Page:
He adds: “We are dealing with big issues with international debt, debt relief, millennium development goals about how we can help people in poverty in Africa and elsewhere. If it’s something about who’s in and who’s out then people are less interested.”
He indicates some frustration at how the big issues are covered inadequately by the media. He says: “If you look at everyday coverage of politics it’s about MPs expenses or salaries, or some human failing”.
The ‘big issues’ - that so concern Brown - are undoubtedly important,they provide context to our everyday lives, but isn’t it crucial to make the message personal?
“People are concerned about what’s happening to them - about fuel prices, gas and electricity bills, mortgages and food prices. You’ve got to explain what you are doing from where people are,” he says.
That answer reveals that Gordon Brown understands it can be hard to link the ‘big issue’ with the day-to-day matters concerning the electorate. This is the charge the opposition parties, particularly the Tories, have been trying to lay at Brown’s doorstep — that he is out of touch. He strongly believes that building a reputation for character is far more important than delivering slick soundbites at every opportunity. He also sees the internet’s possibilities in communicating his thoughts and ideas to the British people.The challenge for the Prime Minister is combining this into a package which will make voters again believe in him.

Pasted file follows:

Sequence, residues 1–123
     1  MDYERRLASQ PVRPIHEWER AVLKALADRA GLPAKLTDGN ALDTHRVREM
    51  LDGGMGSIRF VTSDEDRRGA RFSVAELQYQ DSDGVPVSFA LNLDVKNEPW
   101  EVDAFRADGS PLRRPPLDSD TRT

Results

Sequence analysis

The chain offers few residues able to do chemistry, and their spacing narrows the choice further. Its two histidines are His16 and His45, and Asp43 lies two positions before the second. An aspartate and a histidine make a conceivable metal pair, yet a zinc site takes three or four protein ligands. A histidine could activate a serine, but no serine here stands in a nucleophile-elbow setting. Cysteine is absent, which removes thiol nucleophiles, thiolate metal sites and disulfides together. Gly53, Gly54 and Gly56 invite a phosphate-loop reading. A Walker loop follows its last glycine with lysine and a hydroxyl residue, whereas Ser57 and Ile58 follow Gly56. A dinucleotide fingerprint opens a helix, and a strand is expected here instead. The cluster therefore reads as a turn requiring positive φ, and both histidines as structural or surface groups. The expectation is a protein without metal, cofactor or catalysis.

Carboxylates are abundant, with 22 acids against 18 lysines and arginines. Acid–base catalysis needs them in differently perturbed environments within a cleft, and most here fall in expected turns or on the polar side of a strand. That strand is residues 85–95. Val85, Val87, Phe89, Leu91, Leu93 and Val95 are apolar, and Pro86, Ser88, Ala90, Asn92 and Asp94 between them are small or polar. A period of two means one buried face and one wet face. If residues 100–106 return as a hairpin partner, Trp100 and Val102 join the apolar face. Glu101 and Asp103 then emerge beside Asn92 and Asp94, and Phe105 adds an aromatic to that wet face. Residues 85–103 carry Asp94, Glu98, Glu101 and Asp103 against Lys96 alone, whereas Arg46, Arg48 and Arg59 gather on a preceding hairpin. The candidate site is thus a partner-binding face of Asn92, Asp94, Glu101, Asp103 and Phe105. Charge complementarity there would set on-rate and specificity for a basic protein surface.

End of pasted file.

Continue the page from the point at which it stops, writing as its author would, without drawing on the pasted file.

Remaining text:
What is your favourite view?
I look down from where I stay in my constituency and Ican see over the sea and I suppose that’s a great view for me. It’s a greatplace.
Indiana Jones or James Bond?
Indiana Jones: Indiana Jones- but I still quite like James Bond
What music makes you dance?
My son has a book “My Dad”. There is a line which says “My Dad is agreat dancer” - but I’m not! I’m a terrible dancer
What is your favourite dish?
I eat anything to be honest- if someone puts food in front of me I will normally eat it
What is your favourite method of transport?
Walking. It’s the freedom isn’t it? Or running
What was the last film you cried at?
I grew up on That Was the Week That Was. David Frost, Willy Rushtonall those guys.